Which Joe gave his name to ‘sloppy joes’? We look at five interesting sandwiches and their lexical origins.
[mass noun] Investigation into the dealings of political opponents, typically in order to discredit them publicly:‘opposition research may be a bit too confrontational in the normal course of a campaign but completely appropriate as a response to an attack’
- ‘Admittedly, much of what one "knows" about candidates comes from opposition research.’
- ‘Political parties may themselves conduct many forms of research needed to formulate a party plan, such as demographic research and opposition research.’
- ‘What precautions should be taken to make sure that Internet-based opposition research is accurate?’
- ‘This has become such a science at this point that a lot of the opposition research is done very, very early on in the campaign.’
- ‘He and his staff are serious collectors of opposition research.’
- ‘Opposition research, when started early, can be used as a building block that permeates every aspect of the campaign.’
- ‘The gathering, use, and online storage of opposition research is nothing new.’
- ‘Lengthy primary battles result in competing candidates essentially digging up and airing free opposition research for the other party.’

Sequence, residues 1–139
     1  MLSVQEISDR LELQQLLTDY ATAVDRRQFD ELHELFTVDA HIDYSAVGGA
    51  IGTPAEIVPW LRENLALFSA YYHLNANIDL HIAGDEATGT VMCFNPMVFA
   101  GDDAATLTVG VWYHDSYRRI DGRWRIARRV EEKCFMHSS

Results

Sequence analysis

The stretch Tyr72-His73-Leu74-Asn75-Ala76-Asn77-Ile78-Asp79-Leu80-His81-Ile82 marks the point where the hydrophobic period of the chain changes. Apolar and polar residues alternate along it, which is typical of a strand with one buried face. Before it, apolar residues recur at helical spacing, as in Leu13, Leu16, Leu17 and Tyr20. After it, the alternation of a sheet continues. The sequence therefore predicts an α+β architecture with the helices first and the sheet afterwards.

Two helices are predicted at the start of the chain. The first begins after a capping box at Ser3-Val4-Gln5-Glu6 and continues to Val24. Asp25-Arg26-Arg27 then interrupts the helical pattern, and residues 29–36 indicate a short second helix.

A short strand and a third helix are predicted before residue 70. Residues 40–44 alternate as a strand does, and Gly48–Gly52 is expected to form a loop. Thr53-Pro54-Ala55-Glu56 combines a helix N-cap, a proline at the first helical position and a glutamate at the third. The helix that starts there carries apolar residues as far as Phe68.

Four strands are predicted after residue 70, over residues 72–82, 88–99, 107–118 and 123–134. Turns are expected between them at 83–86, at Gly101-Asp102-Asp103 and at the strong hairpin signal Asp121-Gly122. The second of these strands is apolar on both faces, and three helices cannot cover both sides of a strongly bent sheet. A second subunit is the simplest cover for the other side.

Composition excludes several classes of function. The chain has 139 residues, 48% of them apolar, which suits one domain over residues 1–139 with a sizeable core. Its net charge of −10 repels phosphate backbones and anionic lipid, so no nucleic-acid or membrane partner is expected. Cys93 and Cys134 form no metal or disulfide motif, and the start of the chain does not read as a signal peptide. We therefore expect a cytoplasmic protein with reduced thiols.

- ‘There are an endless number of questions that can be asked and much of it needs to be based on opposition research.’
- ‘Before the campaign began, we combed through hours of opposition research.’
- ‘Campaigns have a right to demand discretion, but to engage in opposition research and assume no one will ever find out is naive and ill serves a campaign.’
- ‘Any campaign that denies it's doing opposition research is either naive or untruthful.’
- ‘Conduct independent opposition research on your own campaign to identify any weaknesses that may be exploited by your opponent.’
- ‘Most competitive, professional campaigns engage in some form of opposition research, but go to varying lengths to conceal and even deny the fact.’
- ‘Opposition research has become an essential part of modern campaigns.’
- ‘She and her team understood how to use opposition research in the service of a larger goal.’
We take a look at several popular, though confusing, punctuation marks.
From Afghanistan to Zimbabwe, discover surprising and intriguing language facts from around the globe.
The definitions of ‘buddy’ and ‘bro’ in the OED have recently been revised. We explore their history and increase in popularity.